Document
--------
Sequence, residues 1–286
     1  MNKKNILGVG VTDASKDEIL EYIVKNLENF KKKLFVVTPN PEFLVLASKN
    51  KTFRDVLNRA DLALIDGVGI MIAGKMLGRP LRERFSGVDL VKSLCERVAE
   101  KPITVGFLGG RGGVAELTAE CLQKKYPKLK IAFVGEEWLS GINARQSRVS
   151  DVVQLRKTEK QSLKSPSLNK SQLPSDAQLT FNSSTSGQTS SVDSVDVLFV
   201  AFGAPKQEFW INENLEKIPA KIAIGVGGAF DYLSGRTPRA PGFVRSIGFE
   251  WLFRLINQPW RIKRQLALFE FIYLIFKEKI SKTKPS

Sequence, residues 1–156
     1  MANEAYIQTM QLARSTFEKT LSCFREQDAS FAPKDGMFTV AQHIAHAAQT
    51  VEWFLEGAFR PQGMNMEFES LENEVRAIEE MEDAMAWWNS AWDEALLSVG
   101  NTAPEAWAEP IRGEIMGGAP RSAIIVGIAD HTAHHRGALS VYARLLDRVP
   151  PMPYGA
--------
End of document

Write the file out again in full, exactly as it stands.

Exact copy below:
Sequence, residues 1–286
     1  MNKKNILGVG VTDASKDEIL EYIVKNLENF KKKLFVVTPN PEFLVLASKN
    51  KTFRDVLNRA DLALIDGVGI MIAGKMLGRP LRERFSGVDL VKSLCERVAE
   101  KPITVGFLGG RGGVAELTAE CLQKKYPKLK IAFVGEEWLS GINARQSRVS
   151  DVVQLRKTEK QSLKSPSLNK SQLPSDAQLT FNSSTSGQTS SVDSVDVLFV
   201  AFGAPKQEFW INENLEKIPA KIAIGVGGAF DYLSGRTPRA PGFVRSIGFE
   251  WLFRLINQPW RIKRQLALFE FIYLIFKEKI SKTKPS

Sequence, residues 1–156
     1  MANEAYIQTM QLARSTFEKT LSCFREQDAS FAPKDGMFTV AQHIAHAAQT
    51  VEWFLEGAFR PQGMNMEFES LENEVRAIEE MEDAMAWWNS AWDEALLSVG
   101  NTAPEAWAEP IRGEIMGGAP RSAIIVGIAD HTAHHRGALS VYARLLDRVP
   151  PMPYGA